Change in Levels of C-Reactive Protein (CRP) and Serum Cortisol in Morbidly Obese Patients After Laparoscopic Sleeve Gastrectomy
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- Ruiz-Tovar, J., Oller, I., Galindo, I. et al. OBES SURG (2013) 23: 764. doi:10.1007/s11695-013-0865-7
C-Reactive protein (CRP) has been associated with the macro- and microvascular effects of hypertension and diabetes mellitus. Referring to serum cortisol, it has been proposed to contribute to the pathogenesis of metabolic syndrome, and it has been demonstrated that weight loss normalizes cortisol levels and improves insulin resistance. The aims of this study were to analyze CRP and cortisol levels pre- and postoperatively in morbidly obese patients undergoing a laparoscopic sleeve gastrectomy and to correlate them with weight loss and parameters associated with cardiovascular risk.
A prospective study of all the morbidly obese patients undergoing laparoscopic sleeve gastrectomy as bariatric procedure between October 2007 and May 2011 was performed.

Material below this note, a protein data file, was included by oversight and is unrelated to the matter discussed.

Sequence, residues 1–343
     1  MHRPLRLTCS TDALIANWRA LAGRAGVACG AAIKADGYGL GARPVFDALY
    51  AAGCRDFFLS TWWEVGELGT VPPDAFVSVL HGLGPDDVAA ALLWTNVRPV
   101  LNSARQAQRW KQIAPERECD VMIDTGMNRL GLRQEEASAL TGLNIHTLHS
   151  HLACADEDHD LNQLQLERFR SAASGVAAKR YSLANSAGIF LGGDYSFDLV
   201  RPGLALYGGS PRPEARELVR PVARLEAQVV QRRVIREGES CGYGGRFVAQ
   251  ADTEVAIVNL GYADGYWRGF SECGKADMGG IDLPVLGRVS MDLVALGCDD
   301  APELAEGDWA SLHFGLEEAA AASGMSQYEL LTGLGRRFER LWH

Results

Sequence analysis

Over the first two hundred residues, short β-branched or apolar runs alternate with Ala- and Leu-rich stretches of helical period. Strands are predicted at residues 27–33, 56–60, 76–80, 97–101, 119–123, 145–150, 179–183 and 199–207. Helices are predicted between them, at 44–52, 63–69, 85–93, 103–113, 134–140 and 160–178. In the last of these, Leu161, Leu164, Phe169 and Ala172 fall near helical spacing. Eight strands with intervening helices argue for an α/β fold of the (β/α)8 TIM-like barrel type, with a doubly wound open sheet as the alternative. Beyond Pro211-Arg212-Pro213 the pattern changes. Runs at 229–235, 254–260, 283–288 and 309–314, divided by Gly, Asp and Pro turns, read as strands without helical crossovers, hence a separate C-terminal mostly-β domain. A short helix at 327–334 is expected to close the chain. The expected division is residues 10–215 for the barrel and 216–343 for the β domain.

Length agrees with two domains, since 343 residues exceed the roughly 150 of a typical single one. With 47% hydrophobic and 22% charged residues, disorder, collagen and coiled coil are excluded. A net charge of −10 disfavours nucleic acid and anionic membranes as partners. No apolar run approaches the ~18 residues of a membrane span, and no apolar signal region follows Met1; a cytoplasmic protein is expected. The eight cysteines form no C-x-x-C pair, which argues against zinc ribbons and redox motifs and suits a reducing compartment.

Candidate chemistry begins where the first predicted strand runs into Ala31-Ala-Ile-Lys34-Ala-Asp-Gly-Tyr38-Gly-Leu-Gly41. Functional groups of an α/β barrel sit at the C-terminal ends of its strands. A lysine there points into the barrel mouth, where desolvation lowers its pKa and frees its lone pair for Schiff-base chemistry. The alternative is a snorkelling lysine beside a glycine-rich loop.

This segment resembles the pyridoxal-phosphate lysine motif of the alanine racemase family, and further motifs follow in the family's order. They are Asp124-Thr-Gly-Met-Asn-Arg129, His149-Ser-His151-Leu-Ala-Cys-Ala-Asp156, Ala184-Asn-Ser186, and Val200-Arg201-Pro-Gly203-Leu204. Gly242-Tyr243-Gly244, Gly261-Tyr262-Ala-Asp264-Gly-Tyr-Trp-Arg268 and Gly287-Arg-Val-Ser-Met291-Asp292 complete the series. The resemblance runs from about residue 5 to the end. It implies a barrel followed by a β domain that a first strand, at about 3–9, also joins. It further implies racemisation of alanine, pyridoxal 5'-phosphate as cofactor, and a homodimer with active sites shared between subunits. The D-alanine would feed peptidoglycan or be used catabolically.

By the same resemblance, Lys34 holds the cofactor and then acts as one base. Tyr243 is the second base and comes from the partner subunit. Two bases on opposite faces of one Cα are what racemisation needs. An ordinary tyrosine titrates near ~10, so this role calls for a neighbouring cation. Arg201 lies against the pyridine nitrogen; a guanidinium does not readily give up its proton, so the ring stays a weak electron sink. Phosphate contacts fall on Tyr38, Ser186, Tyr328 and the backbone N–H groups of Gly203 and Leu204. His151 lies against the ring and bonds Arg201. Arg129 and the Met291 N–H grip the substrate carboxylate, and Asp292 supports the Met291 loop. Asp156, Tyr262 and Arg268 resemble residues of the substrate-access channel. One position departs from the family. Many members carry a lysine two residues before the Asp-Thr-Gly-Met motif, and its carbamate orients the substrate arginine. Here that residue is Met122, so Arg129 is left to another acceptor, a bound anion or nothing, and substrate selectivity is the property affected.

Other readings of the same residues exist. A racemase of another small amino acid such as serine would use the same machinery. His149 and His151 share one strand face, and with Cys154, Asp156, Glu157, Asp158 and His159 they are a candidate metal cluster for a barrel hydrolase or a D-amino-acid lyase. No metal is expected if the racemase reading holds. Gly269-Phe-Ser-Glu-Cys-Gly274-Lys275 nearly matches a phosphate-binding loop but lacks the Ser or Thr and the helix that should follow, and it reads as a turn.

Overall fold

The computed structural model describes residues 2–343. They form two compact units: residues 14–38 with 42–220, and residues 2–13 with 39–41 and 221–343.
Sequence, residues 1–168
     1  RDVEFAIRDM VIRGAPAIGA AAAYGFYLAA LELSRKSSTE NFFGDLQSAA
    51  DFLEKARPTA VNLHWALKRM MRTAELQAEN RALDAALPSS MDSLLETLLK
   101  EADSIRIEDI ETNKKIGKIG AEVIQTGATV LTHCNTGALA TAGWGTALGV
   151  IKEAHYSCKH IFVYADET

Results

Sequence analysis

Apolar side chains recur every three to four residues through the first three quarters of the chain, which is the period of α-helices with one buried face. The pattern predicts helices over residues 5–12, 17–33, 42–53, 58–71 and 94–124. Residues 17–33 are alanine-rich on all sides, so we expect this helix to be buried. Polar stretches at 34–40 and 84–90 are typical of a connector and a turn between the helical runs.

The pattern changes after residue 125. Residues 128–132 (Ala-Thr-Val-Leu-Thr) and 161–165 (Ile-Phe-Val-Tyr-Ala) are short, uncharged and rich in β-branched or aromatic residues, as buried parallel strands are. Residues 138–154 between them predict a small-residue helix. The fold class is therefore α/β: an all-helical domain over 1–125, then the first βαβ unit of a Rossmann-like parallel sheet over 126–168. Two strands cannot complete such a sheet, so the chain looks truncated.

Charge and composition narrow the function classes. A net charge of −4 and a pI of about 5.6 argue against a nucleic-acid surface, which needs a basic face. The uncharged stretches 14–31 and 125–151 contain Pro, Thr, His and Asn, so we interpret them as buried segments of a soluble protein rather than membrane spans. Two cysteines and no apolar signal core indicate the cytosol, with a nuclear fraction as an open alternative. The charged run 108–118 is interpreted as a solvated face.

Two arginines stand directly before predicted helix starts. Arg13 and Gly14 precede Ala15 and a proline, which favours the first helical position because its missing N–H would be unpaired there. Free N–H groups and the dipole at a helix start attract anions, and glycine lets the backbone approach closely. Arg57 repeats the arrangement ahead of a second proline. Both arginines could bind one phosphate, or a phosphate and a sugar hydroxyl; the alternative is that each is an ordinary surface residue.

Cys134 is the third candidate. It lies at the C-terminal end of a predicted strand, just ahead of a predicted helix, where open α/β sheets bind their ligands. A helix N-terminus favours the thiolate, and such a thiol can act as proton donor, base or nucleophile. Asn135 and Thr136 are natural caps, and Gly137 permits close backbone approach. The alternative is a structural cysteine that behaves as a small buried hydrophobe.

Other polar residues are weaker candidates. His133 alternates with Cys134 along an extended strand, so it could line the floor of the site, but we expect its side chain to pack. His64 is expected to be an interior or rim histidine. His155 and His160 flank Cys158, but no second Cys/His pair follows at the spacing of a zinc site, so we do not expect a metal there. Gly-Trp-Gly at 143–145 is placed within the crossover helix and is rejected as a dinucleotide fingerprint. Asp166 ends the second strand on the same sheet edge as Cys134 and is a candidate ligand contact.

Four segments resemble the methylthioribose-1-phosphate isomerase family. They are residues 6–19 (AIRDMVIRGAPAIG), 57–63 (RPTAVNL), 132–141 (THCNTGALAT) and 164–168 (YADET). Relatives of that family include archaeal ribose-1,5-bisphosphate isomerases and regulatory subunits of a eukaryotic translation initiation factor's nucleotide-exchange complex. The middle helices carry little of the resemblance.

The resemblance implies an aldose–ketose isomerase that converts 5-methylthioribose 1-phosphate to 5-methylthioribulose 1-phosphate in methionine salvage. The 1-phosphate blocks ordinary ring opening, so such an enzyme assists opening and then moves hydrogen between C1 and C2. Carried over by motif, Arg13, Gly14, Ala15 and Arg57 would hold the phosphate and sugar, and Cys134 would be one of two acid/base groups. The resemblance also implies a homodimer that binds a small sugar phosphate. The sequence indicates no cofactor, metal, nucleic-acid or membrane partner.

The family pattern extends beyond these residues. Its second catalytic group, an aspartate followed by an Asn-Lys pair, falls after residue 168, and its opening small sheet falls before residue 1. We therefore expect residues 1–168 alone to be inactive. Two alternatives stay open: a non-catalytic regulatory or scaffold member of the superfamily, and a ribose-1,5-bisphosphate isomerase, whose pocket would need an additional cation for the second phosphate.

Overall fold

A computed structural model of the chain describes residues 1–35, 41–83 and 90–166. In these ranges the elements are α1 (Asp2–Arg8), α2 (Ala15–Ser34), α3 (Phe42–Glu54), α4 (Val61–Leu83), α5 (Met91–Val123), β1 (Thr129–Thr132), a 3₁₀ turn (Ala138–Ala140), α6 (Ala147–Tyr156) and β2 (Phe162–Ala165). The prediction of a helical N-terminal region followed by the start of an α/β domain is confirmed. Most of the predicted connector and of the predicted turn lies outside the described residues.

A total of 40 patients were included in the study. CRP levels decreased significantly 12 months after surgery (median reduction of 8.9 mg/l; p = 0.001). Serum cortisol levels decreased significantly 6 months after surgery (median reduction of 34.9 μg/dl; p = 0.001). CRP values reached the normal range (<5 mg/l) 1 year after surgery. Referring to cortisol, a significant association was observed with the cardiovascular risk predictor (triglyceride/high-density lipoprotein cholesterol ratio) from the 6th month after surgery onward (Pearson correlation coefficient, 0.559; p = 0.008).
CRP levels are increased preoperatively and in the postoperative course up to 1 year after surgery. Serum cortisol levels remain elevated until the 6th month after surgery. From this moment onward, serum cortisol is associated with the cardiovascular risk predictor reflecting the cardiovascular risk decreasement during the weight loss.